Common fertilisers used are, ammonium nitrate (V), ammonium sulphate, ammonium phosphate, urea, CO(NH2)2, and potassium nitrate (V). The compounds are used individually or mixed to produce different N:P:K ratios.
Ammonia is the basis of most fertilisers. Ammonia is manufactured by the Haber Process. Nitrogen and hydrogen are passed under pressure over a catalyst. Hydrogen is obtained by reacting water with natural gas. Nitrogen is obtained from air.
The reaction is reversible with the equilibrium well over to the left. To increase the yield it is necessary to use a high pressure and a low temperature. High pressures are expensive, low temperatures mean a slow reaction. In practice a compromise of about 150 atmospheres pressure and about 450oC are used with an iron catalyst.
What's related: The Effect of Temperature on Reaction Rate
Crops can be devastated by insects such as locusts or by diseases. Pesticides kill insects which eat crops, and moulds which rot plants. Unfortunately, pesticides can cause other problems. Some pesticides remain in the soil for a long time and also get in the food chain. They have caused the death of many Birds of Prey. Pests can also build up a resistance to chemicals. There is a continual search for new pesticides.
Pyrethroids are pesticides which are able to penetrate rapidly the membranes of nerve cells. They cause massive disruption of the nervous system of insects. A key factor in their activity is that they are much more soluble in fats than in water. Hence they can pass readily from the aqueous solution used for spraying into the fatty tissues of the insect. The difference in solubility can be measured as a partition coefficient. Partition coefficients are equilibrium constants which measure the ratio of concentrations of a substance dissolved in two immiscible solvents in contact with each other.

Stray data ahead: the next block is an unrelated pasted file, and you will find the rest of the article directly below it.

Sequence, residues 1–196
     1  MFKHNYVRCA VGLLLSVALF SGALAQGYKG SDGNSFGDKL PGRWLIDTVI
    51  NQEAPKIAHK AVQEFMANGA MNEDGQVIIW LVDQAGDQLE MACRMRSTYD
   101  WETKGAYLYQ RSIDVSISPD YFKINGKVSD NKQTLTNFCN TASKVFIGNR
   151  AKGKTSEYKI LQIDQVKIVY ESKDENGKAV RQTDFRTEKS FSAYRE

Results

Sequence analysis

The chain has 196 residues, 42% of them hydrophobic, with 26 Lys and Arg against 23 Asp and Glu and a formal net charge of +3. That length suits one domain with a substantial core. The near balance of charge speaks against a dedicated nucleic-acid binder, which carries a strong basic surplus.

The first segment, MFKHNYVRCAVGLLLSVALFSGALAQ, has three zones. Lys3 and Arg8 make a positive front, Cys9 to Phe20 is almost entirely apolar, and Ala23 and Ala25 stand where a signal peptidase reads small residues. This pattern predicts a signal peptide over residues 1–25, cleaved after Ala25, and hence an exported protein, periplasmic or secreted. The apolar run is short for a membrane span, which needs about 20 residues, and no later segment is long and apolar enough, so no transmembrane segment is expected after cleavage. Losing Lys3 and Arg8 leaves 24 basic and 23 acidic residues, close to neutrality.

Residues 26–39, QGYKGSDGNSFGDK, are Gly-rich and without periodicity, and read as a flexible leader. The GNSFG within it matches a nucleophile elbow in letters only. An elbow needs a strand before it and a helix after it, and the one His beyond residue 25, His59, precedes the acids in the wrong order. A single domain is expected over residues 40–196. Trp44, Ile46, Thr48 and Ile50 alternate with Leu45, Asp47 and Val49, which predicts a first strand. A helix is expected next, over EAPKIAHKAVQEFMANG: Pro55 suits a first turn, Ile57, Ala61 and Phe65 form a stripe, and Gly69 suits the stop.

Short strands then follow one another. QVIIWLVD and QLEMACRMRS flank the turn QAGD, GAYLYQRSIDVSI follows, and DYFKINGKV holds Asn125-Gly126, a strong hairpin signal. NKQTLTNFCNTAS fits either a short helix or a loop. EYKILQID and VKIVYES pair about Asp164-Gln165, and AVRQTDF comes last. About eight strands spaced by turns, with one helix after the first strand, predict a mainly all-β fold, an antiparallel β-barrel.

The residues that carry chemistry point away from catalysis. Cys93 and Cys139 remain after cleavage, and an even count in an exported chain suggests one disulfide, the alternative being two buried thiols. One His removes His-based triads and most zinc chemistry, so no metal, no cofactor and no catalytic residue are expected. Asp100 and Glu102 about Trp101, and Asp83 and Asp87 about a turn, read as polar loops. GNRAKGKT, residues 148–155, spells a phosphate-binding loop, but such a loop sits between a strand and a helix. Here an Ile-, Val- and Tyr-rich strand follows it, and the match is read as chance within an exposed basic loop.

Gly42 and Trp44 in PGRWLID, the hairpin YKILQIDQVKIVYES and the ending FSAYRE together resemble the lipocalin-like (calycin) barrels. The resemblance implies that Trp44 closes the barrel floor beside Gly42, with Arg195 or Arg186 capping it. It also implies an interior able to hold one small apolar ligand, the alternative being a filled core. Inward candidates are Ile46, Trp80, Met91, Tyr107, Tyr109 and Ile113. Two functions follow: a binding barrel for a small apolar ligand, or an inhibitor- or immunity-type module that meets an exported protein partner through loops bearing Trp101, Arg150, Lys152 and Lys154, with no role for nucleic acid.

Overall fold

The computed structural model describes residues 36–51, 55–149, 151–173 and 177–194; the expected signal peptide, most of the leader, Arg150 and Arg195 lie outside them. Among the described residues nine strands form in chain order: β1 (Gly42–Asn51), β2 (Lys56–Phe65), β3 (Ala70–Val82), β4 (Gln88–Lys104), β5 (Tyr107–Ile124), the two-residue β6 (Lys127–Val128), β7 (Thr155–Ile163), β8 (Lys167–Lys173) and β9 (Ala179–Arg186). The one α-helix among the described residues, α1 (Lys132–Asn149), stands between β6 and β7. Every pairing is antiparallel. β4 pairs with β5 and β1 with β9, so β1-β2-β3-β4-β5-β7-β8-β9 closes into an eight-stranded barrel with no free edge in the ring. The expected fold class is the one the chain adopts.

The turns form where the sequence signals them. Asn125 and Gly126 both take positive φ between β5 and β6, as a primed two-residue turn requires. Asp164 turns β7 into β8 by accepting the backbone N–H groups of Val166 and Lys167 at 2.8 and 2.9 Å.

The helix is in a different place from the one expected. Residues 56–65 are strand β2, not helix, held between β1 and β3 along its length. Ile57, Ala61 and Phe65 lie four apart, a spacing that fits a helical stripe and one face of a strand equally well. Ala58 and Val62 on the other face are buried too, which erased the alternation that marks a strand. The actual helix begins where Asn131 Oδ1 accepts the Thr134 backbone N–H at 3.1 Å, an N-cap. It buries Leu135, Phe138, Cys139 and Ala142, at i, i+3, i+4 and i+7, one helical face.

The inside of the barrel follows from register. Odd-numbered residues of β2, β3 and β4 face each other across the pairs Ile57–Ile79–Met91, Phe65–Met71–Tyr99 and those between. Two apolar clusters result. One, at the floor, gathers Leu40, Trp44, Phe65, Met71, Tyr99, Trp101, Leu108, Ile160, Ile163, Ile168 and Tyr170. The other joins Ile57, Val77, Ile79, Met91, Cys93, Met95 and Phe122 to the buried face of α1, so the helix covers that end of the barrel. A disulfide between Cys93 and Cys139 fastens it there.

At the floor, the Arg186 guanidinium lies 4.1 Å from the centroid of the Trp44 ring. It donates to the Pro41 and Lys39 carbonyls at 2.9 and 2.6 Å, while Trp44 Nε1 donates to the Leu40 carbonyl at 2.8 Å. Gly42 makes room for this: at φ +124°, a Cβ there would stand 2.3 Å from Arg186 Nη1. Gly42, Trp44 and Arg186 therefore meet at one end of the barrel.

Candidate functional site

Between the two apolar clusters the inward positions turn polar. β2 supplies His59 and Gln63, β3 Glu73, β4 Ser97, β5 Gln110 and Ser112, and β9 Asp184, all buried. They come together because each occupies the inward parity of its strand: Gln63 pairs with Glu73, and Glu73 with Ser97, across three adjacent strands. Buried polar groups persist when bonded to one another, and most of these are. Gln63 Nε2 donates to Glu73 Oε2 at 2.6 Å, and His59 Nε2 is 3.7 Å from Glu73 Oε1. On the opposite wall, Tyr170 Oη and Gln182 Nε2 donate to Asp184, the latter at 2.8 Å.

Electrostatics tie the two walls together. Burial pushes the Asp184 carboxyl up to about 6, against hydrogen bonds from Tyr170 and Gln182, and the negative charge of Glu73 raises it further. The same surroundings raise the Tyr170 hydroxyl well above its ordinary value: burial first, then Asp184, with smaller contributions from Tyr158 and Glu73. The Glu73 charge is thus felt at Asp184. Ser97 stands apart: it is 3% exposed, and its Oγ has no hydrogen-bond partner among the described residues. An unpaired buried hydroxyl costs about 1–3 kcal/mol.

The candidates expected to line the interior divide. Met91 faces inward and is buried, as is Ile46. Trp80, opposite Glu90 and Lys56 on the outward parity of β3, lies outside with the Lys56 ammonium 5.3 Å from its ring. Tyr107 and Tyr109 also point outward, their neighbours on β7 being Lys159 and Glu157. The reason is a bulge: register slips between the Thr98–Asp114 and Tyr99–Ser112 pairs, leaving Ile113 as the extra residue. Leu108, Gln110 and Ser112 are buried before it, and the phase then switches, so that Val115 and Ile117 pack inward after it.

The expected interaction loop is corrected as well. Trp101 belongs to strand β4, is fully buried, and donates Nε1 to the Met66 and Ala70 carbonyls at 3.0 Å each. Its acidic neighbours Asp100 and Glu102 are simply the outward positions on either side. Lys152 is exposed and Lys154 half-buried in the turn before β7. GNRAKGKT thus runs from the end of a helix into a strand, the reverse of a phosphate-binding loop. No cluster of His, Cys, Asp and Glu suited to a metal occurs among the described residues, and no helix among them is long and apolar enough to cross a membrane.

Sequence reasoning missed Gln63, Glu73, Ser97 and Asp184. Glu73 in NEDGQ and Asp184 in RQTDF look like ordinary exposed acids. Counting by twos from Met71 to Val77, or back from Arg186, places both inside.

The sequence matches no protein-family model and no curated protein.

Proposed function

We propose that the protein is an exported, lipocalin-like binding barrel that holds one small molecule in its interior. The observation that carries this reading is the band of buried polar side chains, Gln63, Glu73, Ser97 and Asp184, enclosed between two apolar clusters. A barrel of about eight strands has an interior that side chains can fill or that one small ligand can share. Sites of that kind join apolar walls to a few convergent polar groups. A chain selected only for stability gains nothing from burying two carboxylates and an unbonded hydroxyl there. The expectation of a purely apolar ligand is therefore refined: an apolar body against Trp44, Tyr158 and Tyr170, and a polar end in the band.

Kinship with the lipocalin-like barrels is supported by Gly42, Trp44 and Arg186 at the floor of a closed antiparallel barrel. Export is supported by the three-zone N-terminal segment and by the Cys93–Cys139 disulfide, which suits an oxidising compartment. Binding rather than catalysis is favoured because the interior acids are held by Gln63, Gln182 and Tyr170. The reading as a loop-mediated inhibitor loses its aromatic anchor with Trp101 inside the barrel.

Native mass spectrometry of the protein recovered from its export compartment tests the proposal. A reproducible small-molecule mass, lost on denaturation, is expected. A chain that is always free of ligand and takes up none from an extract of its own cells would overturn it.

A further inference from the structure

For biological systems, the most common solvents are octan-1-ol and water.
Kow for pyrethroids are very high, 106 to 107 so log10 Kow is usually quoted (returning values between 6 and 7. The concentrations of pyrethroids needed for insecticidal activity can be very low.
Pyrethroids are rapidly broken down by oxidation or hydrolysis; the products do not build up in the environment.
Herbicides can increase crop yields by destroying weeds which compete with crops. There are two main types: total herbicides and selective herbicides. Total herbicides destroy all green plant material. An example is paraquat, a highly toxic but rapidly inactivated when brought in contact with the soil, due to ion exchange.
Some herbicides have been developed which can kill broad-leaved plants without damaging grasses. Others kill grasses but not broad-leaved crops like soya beans and sugar beet. Their selectivity depends on differences in metabolism between plants.
Part of this site was last updated on 21st January 2009.
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